This function returns the documentation string that is recorded in
symbol’s property list under property property. It
retrieves the text from a file if necessary, and runs
substitute-command-keys to substitute actual key bindings. (This
substitution is not done if verbatim is non-
verbatim argument exists only as of Emacs 19.)
(documentation-property 'command-line-processed 'variable-documentation) ⇒ "t once command line has been processed"
(symbol-plist 'command-line-processed) ⇒ (variable-documentation 188902)
This function returns the documentation string of function. It
reads the text from a file if necessary. Then (unless verbatim is
nil) it calls
substitute-command-keys, to return a
value containing the actual (current) key bindings.
documentation signals a
if function has no function definition. However, it is ok if
the function definition has no documentation string. In that case,
Here is an example of using the two functions,
documentation-property, to display the documentation strings for
several symbols in a ‘*Help*’ buffer.
(defun describe-symbols (pattern) "Describe the SXEmacs Lisp symbols matching PATTERN. All symbols that have PATTERN in their name are described in the `*Help*' buffer." (interactive "sDescribe symbols matching: ") (let ((describe-func (function (lambda (s)
;; Print description of symbol. (if (fboundp s) ; It is a function. (princ (format "%s\t%s\n%s\n\n" s (if (commandp s) (let ((keys (where-is-internal s))) (if keys (concat "Keys: " (mapconcat 'key-description keys " ")) "Keys: none")) "Function")
(or (documentation s) "not documented")))) (if (boundp s) ; It is a variable.
(princ (format "%s\t%s\n%s\n\n" s (if (user-variable-p s) "Option " "Variable")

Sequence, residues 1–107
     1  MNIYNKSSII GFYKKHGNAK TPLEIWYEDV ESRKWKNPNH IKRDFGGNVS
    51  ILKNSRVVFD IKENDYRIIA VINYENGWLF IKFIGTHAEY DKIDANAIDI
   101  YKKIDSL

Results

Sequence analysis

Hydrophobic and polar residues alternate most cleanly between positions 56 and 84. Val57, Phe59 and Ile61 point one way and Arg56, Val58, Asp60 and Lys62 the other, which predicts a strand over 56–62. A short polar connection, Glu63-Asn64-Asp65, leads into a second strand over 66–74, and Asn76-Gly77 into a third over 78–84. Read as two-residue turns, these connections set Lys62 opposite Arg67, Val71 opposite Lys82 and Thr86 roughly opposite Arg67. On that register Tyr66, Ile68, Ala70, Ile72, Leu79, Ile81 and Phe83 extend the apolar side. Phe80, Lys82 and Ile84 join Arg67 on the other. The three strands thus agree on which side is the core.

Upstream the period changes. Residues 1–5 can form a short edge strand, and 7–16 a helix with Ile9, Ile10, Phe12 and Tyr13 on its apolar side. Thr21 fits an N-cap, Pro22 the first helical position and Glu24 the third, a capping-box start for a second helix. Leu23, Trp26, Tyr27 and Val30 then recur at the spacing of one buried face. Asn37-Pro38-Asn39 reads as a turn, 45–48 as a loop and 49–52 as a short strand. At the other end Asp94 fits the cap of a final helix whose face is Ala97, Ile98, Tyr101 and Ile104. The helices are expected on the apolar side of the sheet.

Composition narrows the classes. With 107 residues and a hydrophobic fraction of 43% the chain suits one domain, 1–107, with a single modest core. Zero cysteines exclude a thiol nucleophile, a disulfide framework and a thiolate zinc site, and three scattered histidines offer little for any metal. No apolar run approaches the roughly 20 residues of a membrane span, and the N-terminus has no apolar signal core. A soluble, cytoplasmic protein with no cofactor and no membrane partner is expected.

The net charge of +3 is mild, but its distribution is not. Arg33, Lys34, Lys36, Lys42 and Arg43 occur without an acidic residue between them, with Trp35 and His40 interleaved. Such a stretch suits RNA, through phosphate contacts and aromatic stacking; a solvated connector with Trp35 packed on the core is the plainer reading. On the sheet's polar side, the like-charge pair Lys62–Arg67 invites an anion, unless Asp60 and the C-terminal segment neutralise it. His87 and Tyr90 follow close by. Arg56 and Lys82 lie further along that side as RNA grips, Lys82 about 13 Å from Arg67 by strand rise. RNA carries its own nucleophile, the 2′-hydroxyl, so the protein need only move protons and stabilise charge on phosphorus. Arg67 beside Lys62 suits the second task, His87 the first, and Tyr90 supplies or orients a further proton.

(or (documentation-property s 'variable-documentation) "not documented"))))))) sym-list)
;; Build a list of symbols that match pattern. (mapatoms (function (lambda (sym) (if (string-match pattern (symbol-name sym)) (setq sym-list (cons sym sym-list))))))
;; Display the data. (with-output-to-temp-buffer "*Help*" (mapcar describe-func (sort sym-list 'string<)) (print-help-return-message))))
describe-symbols function works like
but provides more information.
(describe-symbols "goal") ---------- Buffer: *Help* ---------- goal-column Option *Semipermanent goal column for vertical motion, as set by C-x C-n, or nil.
set-goal-column Command: C-x C-n Set the current horizontal position as a goal for C-n and C-p.
Those commands will move to this position in the line moved to rather than trying to keep the same horizontal position. With a non-
nilargument, clears out the goal column so that C-n and C-p resume vertical motion. The goal column is stored in the variable `goal-column'.
temporary-goal-column Variable Current goal column for vertical motion. It is the column where point was at the start of current run of vertical motion commands. When the `track-eol' feature is doing its job, the value is 9999. ---------- Buffer: *Help* ----------
This function is used only during SXEmacs initialization, just before the runnable SXEmacs is dumped. It finds the file offsets of the documentation strings stored in the file filename, and records them in the in-core function definitions and variable property lists in place of the actual strings. See Building SXEmacs.
SXEmacs finds the file filename in the lib-src directory.
When the dumped SXEmacs is later executed, the same file is found in the
doc-directory. The usual value for filename is
DOC, but this can be changed by modifying the variable
This variable holds the name of the file containing documentation strings of built-in symbols, usually DOC. The full pathname of the internal doc file is ‘(concat doc-directory internal-doc-file-name)’.
This variable holds the name of the directory which contains the internal doc file that contains documentation strings for built-in and preloaded functions and variables.
In most cases, this is the same as
exec-directory. They may be
different when you run SXEmacs from the directory where you built it,
without actually installing it. See
exec-directory in Help Functions.
In older Emacs versions,
exec-directory was used for this.
This variable holds the name of the directory in which SXEmacs finds
certain system independent documentation and text files that come
with SXEmacs. In older Emacs versions,
exec-directory was used for